5. MBN said:

    Rare fish indeed but then again you have to realise our fisherman at large aren't really at the pinnacle of intellectual society. This is made obvious by the FOOL fisherman to sell it for such a low price, this fish was worth that much in DOLLARS at least.
    Awareness is not there to protect the species. We can't expect to arrest someone for a crime they didn't even know they committed.

    • BBCons said:

      Even if we had posters up everywhere about how endangered they are, they fishermen won't care – infact if it is worth as much in dollars, that gives the fisherman a huge incentive to land them if they get 'accidentally' entangled in their nets like here, and no doubt we will see more 'accidents'. In fact there is a global alliance for whale shark research and monitoring ( and dive schools all around the world contribute to sightings data. Plus you have International shark conservation agencies like, and not to mention international laws protecting them, such as CITES (Control for the International Trade of Endangered Species) so I'm guessing that was why he was arrested.
      I hope the arrest is a deterent to the other fishermen "fools" you mention. There's some awareness for you.

  6. sanity said:

    Not sure what you guys are talking about. There is a thing called law. Is there a law in Pakistan which bans the fishing of whale shark? I don’t know but looking at the general lawlessness in our country I don’t think anyone in our country ever thought about making a law. Secondly, this dish is far from being extinct. Their conservation status is vulnerable. Thirdly, you really think a fisherman in his usual fishing boat went out in the seas and caught this 50 foot giant? This fish could already be dead and the poor guy just toed it to the shore. Really doesn’t need to be jailed. Although I do believe that he was jailed for not giving enough commission to the relevant authorities. Its all messed up!!!

  7. Charlotte Fleming said:

    If the whale shark did die in the fisherman's net, as the report says, that's another good reason to ban the use of drift nets – what else did he catch too, that may be even more endangered? If the net was strong enough to hold a 40-foot long shark weighing 21.5 tons, it was strong enough to hold pretty much anything that lives in the ocean. Not good!!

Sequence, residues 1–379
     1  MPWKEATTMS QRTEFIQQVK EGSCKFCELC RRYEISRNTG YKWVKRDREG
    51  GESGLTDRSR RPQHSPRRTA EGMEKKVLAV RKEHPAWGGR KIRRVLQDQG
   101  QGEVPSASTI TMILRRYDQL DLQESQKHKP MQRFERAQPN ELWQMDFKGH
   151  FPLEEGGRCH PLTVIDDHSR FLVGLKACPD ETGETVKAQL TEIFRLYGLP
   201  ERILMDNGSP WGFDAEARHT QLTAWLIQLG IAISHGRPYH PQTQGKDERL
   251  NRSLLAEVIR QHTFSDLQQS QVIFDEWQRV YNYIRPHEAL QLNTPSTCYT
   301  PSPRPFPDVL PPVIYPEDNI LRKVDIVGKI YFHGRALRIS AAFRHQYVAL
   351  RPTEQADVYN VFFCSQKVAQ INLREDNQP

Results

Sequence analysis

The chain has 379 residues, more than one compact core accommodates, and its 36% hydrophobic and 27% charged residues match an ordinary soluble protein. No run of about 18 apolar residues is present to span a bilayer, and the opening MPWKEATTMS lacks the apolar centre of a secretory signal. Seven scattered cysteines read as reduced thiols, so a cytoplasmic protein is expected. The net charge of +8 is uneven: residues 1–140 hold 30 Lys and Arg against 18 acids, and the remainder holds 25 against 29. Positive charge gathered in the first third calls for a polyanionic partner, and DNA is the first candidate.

8. Melissa said:

    This is despicable…….shows you exactly why net fishing is wrong. Such a beautiful creature, to lose it's life.

  9. sylvia Adam said:

    MANY fisherman around the world PLEAD INOCENT when it comes to catching ANY fish that brings in the $$$$$$$$$$$$$$$. ITS GETTING A SICK EXCUSE. I hope the authorities charge him + fine him so heavily he has to CLEAN UP THE FILTHY CONDITIONS surrounding him to pay FOR THIS CRIME, and it is a crime.
    make him pick up rubbish for a YEAR

  10. Tony DeMaio said:

    Why do people feel the need to @%&* with everything that is endangered…if they feel the need to kill let them start right downtown. I'm sorry but all sharks need to be left alone.

  11. JulieWright said:

    I've read so many different versions of this.
    It was said the Whale shark was caught in fishing nets…….where are the netting marks which would remain on its skin, even post- mortem?
    It was suggested it was a victim of boat strike…….looking at the photos, there seems no evidence-what part of the shark did the vessel hit? Its shadow??
    It was said it was dead & floating around for days……Why is there red blood-albeit a small amount- beneath the shark's head in a close-up shot in another article?- blood coagulates & doesn't spill after death. Why is it not showing any signs of decomposition AT ALL?- these are warm, tropical waters.
    And just for the little scientific fact, sharks DON'T float when dead- they sink.
    The Whale shark is protected by ITES- even if the chap only earned himself 1$, it's commerce & thus illegal.

  12. ericka said:

    there should be less fishermen, and more fish.
    but perhaps, when they empty the seas of life, they'll eat each other.

  13. suzy said:

    A highly endangered species the Whale Shark is undoubtedly a fish that roams the oceans with absolute splendour. A gentle giant indeed, the complete lack of respect for this beautiful creature is utterly distasteful. If, in fact, it was found 'dead', that should make it highly inedible and should not give reason to cut off its fins. This should be cause for speculation by environmentalists and conservationists alike, who should be seeking to protect this species – especially under the environmental laws of today. Clearly there was no government check on the workings of these fishermen to bring such a large endangered specimen onto shore and make a skeptical out of it. This would only give reason for other fishermen to scout for more for themselves (seeing the large sum of money it attracts – though the sold value is no where near its actual worth). These Whales breed in warm Pakistani waters, and hunting them would be the worst possible stance these fishermen could take at this point in time. Judging by the size of this very fish, I believe it to be such a waste and loss of a life. Already we've left nothing of our eco-system in Pakistan – ravaging forests, callously polluting our atmosphere, driving many species of plants, animals and birds to the brink of extinction. This incident is a perfect depiction of our selfish, leech like existence.